The year is 2011. With the Great Recession approaching its fourth birthday, and economists still struggling to make sense of what markets have wrought, it is no surprise that the reputations of some celebrated economists have taken a hit. In some cases, the reappraisal was dramatic and probably decisive. (Will it ever again be possible to call Alan Greenspan the “Maestro” with a straight face?) In other cases, the crisis has served less to settle matters than to inflame ongoing disputes. So it is with Milton Friedman.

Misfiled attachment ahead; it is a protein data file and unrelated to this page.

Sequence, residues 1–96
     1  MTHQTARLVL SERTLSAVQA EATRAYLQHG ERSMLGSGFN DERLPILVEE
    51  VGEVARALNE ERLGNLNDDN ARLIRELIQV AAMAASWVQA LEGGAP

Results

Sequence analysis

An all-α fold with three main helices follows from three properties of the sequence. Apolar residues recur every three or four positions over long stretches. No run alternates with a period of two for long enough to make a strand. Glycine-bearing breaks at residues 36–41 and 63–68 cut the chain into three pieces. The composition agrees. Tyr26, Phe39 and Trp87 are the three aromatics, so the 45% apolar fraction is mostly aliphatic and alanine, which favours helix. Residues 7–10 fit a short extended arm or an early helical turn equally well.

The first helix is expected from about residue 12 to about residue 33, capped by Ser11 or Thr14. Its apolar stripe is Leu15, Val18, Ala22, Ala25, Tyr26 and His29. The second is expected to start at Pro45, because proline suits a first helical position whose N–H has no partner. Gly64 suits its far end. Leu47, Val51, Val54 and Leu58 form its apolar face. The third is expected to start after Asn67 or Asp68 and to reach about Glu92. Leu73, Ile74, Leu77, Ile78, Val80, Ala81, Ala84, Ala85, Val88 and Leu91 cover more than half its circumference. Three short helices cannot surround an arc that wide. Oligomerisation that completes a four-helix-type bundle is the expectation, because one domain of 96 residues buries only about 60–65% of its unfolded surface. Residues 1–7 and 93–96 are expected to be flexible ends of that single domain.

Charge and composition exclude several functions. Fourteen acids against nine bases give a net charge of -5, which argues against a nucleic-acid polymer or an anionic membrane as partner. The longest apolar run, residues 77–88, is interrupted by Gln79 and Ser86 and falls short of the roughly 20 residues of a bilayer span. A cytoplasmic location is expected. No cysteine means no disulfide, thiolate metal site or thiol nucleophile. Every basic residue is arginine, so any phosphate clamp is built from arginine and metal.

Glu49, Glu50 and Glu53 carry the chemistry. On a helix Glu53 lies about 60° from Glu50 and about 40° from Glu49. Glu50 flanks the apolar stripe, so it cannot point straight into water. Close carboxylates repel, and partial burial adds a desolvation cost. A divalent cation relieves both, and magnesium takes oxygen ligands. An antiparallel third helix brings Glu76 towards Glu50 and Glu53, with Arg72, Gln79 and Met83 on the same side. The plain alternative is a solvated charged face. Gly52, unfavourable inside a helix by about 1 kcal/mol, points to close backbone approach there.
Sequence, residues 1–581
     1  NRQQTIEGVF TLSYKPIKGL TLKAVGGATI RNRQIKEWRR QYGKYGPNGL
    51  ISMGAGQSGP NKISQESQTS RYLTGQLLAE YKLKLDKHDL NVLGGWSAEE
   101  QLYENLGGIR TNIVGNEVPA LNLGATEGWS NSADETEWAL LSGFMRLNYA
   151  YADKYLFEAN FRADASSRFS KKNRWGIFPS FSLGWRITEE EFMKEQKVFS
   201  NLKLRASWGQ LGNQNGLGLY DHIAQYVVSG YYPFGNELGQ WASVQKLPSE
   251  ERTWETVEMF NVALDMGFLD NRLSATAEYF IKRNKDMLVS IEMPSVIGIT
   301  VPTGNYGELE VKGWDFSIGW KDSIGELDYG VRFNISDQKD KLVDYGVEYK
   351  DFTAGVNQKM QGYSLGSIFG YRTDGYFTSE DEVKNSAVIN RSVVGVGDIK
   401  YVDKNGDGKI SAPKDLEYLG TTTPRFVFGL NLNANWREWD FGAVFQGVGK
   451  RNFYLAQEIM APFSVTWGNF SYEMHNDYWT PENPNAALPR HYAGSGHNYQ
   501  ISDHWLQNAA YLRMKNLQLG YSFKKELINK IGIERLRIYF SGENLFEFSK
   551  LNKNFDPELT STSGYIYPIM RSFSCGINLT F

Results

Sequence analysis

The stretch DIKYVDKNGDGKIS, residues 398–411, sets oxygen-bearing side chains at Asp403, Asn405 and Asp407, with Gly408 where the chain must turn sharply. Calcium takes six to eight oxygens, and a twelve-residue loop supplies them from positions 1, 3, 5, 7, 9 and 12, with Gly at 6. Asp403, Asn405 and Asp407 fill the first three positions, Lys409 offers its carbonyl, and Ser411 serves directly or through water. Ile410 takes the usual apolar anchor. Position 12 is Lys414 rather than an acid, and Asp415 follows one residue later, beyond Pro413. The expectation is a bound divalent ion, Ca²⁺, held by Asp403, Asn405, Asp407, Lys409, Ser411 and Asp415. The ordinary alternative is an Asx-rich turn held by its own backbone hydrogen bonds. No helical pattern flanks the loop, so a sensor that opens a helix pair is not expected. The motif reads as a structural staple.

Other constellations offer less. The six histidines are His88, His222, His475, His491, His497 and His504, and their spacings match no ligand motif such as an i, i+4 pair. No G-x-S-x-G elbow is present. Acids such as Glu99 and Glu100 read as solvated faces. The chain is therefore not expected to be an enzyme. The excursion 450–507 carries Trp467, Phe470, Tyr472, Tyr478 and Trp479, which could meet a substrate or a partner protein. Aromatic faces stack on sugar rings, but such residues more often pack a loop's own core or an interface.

Friedman is probably best known outside of academic economics for his championing of promarket views (and his aggressive attacks on opposing views) in his widely read books like Capitalism and Freedom, his PBS series Free to Choose, and his recurring Newsweek column. In 2008 (in what now looks like a case of catastrophically bad timing) the administration of the University of Chicago decided it would be an opportune time to “honor Friedman’s legacy” and announced it planned to establish a privately funded $200 million research institute. It did not take long for University of Chicago professors numbering more than one hundred in total from fields as disparate as anthropology, political science, and statistics to express their displeasure. Presently, the dispute broke out of the confines of the university and spilled onto the pages of the New York Times and the Wall Street Journal.
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